- Your screen activity may be recorded by special software that takes screenshots at frequent intervals, monitored through CCTV cameras, or simply observed by a person (e.g. the Internet caf manager) looking over your shoulder.
Shared computers and censorship
Besides the surveillance, users of shared computers are often offered access to a limited Internet and have to face additional hurdles to use their favorite circumvention solution:
- In some countries, such as Burma, Internet caf owners have to display posters about banned Web content and are responsible for the enforcement censorship law inside their business.
- Extra filtering might be implemented by Internet caf managers (client side control and filtering), to complement filtering implemented at the ISP or national level.
- Users might be pushed by the environmental restrictions to avoid visiting specific Web sites for fear of punishment, thus enforcing self-censorship.
- Computers are often configured so that users are prevented from installing any software, including circumvention tools, or connecting any kind of devices to the USB port (such as USB flash drives). In Cuba, authorities have begun deploying a controlling software for Internet cafs named AvilaLink that prevents users from installing or executing specific software or running applications from a USB flash drive.
- Users may be prevented from using any other browser but Internet Explorer, to prevent the use of privacy or circumvention Add-ons or settings for browsers such as Mozilla Firefox or Google Chrome.
Best practices for security and circumvention
Depending on the environment in which you use your shared computer, you can try the following:
- Identify the surveillance measures implemented based on the list mentioned above (CCTV, human surveillance, keyloggers, etc.) and behave accordingly.
- Run portable circumvention software from a USB flash drive.
- Use an operating system on which you have control through the use of a Live CD.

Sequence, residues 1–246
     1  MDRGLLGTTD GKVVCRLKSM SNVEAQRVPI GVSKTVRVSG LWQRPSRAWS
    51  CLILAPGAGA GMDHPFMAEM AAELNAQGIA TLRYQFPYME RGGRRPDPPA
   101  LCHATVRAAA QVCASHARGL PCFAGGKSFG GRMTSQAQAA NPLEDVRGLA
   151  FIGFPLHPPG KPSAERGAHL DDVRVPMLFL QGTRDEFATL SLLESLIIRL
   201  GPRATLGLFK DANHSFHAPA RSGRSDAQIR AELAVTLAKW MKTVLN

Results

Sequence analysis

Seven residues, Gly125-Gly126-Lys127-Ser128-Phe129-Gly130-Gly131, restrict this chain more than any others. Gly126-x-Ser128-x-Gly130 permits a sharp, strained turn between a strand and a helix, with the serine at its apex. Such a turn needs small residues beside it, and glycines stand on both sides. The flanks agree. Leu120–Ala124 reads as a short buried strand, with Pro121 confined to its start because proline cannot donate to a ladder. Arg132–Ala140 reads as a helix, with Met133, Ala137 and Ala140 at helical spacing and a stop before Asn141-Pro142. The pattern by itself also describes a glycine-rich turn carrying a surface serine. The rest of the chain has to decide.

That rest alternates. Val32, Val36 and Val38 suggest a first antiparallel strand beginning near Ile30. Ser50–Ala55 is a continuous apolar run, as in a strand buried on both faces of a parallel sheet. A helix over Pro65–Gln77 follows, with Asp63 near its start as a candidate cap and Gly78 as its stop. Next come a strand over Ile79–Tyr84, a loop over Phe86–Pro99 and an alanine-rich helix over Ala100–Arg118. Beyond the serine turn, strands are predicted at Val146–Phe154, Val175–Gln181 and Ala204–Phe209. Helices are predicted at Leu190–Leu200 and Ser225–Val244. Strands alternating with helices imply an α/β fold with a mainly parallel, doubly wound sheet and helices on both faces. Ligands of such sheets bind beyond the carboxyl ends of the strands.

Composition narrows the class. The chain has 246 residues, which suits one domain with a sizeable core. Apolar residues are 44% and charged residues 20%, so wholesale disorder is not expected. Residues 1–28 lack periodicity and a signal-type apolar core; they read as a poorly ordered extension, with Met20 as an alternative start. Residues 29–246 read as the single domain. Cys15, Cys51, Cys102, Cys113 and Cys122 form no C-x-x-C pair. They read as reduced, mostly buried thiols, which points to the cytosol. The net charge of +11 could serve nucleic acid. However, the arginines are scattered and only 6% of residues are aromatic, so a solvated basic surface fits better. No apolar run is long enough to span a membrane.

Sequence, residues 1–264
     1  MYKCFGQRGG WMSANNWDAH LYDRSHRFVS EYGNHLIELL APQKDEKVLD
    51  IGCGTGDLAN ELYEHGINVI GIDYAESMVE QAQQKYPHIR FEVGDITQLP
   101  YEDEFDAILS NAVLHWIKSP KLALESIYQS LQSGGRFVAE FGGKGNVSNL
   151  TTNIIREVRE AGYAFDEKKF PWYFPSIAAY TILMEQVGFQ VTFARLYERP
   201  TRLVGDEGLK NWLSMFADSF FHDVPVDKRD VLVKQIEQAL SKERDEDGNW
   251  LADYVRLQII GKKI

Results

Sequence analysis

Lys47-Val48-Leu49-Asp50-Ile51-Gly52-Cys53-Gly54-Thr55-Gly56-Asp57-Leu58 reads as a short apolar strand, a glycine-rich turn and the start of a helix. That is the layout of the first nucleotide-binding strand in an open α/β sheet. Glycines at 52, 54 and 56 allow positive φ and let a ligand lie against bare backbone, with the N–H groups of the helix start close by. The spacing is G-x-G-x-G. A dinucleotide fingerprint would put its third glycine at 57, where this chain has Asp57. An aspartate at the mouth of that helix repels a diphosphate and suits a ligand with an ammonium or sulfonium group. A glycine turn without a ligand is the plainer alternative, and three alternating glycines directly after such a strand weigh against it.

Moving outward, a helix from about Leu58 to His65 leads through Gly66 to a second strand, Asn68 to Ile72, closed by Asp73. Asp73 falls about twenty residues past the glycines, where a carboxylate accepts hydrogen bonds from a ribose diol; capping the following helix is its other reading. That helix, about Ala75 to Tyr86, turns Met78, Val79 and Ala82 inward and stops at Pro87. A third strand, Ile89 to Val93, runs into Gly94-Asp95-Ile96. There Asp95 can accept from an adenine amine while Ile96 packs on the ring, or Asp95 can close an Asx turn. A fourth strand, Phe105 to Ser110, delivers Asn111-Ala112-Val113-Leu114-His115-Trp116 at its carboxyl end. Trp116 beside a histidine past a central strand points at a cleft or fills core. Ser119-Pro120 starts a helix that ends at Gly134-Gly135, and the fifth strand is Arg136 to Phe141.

- Change Internet cafs often if you fear recurring surveillance, or stick to one where you trust it is safe to connect.
- Take your own laptop to the Internet caf and use it instead of the public computers.
Confidentiality and HTTPS
Some filtered networks use mainly (or exclusively) keyword filtering, rather than blocking particular sites. For example, networks might block any communication mentioning keywords that are considered politically, religiously, or culturally sensitive. This blocking can be overt or disguised as a technical error. For example, some networks make it look like a technical error occurred whenever you search for something that the network operator thinks you shouldn't be looking for. This way, users are less likely to blame the problem on censorship.
If the content of Internet communications is unencrypted, it will be visible to ISPs' network equipment such as routers and firewalls, where keyword-based monitoring and censorship can be implemented. Hiding the content of communications with encryption makes the task of censorship much more difficult, because network equipment can no longer distinguish the communications that contain forbidden keywords from those that don't.
Using encryption to keep communications confidential also prevents network equipment from logging communications in order to analyze them and target individuals after the fact for what they read or write.
What is HTTPS?
HTTPS is the secure version of the HTTP protocol used to access Web sites. It provides a security upgrade for accessing Web sites by using encryption to stop eavesdropping and tampering with the contents of your communications. Using HTTPS to access a site can prevent network operators from knowing which part of the site you're using or what information you sent to and received from the site. HTTPS support is already included in every popular Web browser, so you don't need to install or add any software in order to use HTTPS.
Usually, if a site is available through HTTPS, you can access the site's secure version by entering its address (URL) beginning with https:// instead of http://. You can also tell if you are using the secure version of a site by looking at the address displayed in your Web browser's navigation bar, and seeing whether it begins with https://.
Not every Web site has an HTTPS version. Indeed, perhaps less than 10% of sites do though the sites with HTTPS versions include several of the largest and most popular sites. A Web site is only available through HTTPS if the Web site operator deliberately configures its HTTPS version. Internet security experts have been urging Web site operators to do this routinely, and the number of sites with HTTPS support has been growing steadily.
If you try to access a site through HTTPS and receive an error, this doesn't always mean that your network is blocking access to the site. It might mean that the site is simply not available in HTTPS (to anyone). However, certain kinds of error messages are more likely to show that someone is actively blocking or tampering with the connection, especially if you know that a site is supposed to be available through HTTPS.